Power of the People - Part 2
Date: 14 Apr 2017 (Good Friday)
Text: Matthew 27:11-26
At our service on Palm Sunday we gave some thought to the issue of the power of the people. We thought about that tumultuous welcome given to Jesus as He arrived in Jerusalem when there was loud and exuberant cheering from a happy and excited crowd. It’s possible that some in the crowd were even ecstatic as they saw the person they were desperate to see; the person who may have been the One to rescue them from the tyranny of the Romans and the oversight of the heavy handed Pharisees.
Palm Sunday ended with Jesus and His disciples retiring to Bethany, a village about 3 kilometres or 1½ miles outside Jerusalem. The time then from Monday until Thursday evening seems to have been very busy with a whole variety of activity. Take a look at Matthew 21 to 27 and you will get a clue as to the many things that Jesus was involved in over those four days.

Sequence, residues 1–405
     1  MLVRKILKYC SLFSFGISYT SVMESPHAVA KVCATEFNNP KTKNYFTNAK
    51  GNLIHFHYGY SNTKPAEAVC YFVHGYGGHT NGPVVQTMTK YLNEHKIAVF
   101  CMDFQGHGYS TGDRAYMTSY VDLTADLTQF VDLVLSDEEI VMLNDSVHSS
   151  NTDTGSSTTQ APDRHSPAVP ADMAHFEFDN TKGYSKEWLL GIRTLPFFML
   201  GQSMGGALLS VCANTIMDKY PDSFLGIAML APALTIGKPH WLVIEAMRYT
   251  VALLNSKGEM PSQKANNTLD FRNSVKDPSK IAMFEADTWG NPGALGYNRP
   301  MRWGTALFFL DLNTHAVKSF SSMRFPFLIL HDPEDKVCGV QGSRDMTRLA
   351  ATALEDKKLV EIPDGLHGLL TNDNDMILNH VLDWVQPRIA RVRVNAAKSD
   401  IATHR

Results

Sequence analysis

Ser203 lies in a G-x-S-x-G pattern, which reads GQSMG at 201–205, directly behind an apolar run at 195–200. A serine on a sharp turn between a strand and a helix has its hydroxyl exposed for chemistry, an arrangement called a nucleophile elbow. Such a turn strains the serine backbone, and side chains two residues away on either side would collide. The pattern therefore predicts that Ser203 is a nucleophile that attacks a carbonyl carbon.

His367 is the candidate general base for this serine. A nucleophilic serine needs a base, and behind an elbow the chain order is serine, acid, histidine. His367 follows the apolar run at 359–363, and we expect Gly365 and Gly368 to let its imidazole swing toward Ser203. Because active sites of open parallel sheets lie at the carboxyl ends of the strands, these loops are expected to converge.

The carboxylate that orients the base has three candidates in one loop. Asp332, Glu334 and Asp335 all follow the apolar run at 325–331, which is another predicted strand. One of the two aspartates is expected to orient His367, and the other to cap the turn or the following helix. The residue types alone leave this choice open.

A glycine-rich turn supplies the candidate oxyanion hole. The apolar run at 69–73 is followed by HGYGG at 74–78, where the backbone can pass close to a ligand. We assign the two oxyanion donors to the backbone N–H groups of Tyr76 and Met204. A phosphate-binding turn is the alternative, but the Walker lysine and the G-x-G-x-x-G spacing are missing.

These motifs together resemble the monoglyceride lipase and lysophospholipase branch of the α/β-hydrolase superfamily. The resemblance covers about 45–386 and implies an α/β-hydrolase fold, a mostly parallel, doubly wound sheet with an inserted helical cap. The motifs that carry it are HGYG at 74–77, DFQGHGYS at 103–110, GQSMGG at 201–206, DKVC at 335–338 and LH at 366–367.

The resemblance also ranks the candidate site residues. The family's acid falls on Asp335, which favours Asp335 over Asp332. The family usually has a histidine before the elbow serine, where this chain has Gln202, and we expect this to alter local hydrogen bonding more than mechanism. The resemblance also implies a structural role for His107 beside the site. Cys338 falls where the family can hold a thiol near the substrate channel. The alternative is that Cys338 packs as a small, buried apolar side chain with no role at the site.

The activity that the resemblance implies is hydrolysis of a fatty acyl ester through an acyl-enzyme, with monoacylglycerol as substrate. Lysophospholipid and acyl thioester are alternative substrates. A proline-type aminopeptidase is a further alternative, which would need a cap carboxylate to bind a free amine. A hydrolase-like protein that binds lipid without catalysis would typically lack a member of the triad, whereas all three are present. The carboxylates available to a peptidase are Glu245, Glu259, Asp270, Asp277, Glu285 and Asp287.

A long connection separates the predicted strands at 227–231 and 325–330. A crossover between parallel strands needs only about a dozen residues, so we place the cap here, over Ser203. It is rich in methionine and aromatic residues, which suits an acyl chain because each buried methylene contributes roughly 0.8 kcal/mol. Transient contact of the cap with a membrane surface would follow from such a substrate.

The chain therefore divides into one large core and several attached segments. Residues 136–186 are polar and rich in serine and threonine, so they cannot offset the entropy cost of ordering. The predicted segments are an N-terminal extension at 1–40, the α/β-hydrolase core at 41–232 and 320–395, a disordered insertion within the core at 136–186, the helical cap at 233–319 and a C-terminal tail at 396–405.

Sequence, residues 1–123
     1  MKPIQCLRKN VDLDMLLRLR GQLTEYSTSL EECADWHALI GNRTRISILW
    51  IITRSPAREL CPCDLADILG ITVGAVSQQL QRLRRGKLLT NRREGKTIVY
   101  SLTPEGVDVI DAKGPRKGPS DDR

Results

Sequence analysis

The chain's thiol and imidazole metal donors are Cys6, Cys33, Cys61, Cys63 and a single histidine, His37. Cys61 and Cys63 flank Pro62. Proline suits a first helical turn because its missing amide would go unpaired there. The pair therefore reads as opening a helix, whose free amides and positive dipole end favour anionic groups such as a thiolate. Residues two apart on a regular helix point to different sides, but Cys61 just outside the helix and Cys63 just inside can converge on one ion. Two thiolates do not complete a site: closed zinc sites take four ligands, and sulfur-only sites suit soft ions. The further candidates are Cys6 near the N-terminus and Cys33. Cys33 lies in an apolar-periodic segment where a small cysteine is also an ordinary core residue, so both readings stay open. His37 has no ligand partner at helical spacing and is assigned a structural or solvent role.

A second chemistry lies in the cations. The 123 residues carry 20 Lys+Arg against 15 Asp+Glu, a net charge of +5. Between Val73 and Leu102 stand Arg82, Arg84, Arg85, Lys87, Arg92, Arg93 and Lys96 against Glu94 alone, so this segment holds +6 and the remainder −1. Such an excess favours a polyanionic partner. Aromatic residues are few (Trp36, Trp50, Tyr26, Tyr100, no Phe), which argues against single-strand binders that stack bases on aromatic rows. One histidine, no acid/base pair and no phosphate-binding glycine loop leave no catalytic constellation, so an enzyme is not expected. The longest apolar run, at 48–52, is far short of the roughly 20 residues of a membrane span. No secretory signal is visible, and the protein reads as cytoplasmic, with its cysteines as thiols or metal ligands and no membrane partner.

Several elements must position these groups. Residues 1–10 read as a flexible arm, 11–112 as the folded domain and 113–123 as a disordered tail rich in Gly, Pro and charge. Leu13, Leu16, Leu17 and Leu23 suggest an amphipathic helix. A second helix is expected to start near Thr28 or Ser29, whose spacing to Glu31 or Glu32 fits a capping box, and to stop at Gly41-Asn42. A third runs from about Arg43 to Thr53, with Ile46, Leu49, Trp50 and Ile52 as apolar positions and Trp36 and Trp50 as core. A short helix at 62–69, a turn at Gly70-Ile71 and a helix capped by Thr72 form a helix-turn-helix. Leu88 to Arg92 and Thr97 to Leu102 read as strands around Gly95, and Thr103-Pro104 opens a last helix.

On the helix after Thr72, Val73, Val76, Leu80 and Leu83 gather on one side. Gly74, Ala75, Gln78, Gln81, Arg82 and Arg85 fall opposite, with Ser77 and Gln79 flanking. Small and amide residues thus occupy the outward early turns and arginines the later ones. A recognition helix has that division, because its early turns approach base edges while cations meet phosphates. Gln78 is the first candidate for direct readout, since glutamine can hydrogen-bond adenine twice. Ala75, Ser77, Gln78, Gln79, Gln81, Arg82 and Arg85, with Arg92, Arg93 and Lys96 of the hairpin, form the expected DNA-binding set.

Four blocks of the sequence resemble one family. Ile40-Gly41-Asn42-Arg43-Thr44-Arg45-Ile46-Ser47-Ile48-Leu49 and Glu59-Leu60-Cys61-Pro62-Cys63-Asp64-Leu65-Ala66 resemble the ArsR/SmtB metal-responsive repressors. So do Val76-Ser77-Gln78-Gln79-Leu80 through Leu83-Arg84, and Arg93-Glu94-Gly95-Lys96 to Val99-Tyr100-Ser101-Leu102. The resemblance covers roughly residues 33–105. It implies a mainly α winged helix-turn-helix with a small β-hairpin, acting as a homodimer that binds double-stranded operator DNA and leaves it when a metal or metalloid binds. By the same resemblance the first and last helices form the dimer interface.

After spending part of Palm Sunday in the Temple, Jesus then spent time teaching people by using parables; healing people who were in great need; and being challenged by both the Pharisees and the Sadducees. The Pharisees were constantly plotting against Jesus and in fact had started quite early in His earthly ministry. We can read in Matthew 12:14, “the Pharisees went out and plotted how they might kill Jesus.” This situation arose from the fact that Jesus and His disciples were hungry and had plucked ears of corn while walking in a field. The problem was that they did this on the Sabbath and the Pharisees were none too impressed. So much so that they started an argument about working on the Sabbath and having lost that argument the Pharisees decided that Jesus had to go. They obviously spent a lot of time trying to work out how they could get rid of Him without being linked to anything untoward that might happen. In Matthew 21:23-27 we can read of another encounter between Jesus and the Pharisees when the Pharisees came off second best. They never seemed to have a decent argument with which to defeat Jesus, perhaps because they didn’t really serve God but only themselves. A later situation to arise was with the Sadducees rather than the Pharisees. These people didn’t believe in the resurrection of believers and yet felt brave enough to ask Jesus about marriage at the resurrection. When Jesus countered their argument with sound reasoning by pointing out their errors in not understanding Scripture, Matthew tells us in 22:33 that, “When the crowds heard this, they were astonished at his teaching.” Clearly at that time the people were still behind Him. Following that conversation Jesus continued with more teaching, particularly on the signs to show that we are reaching the end of the age.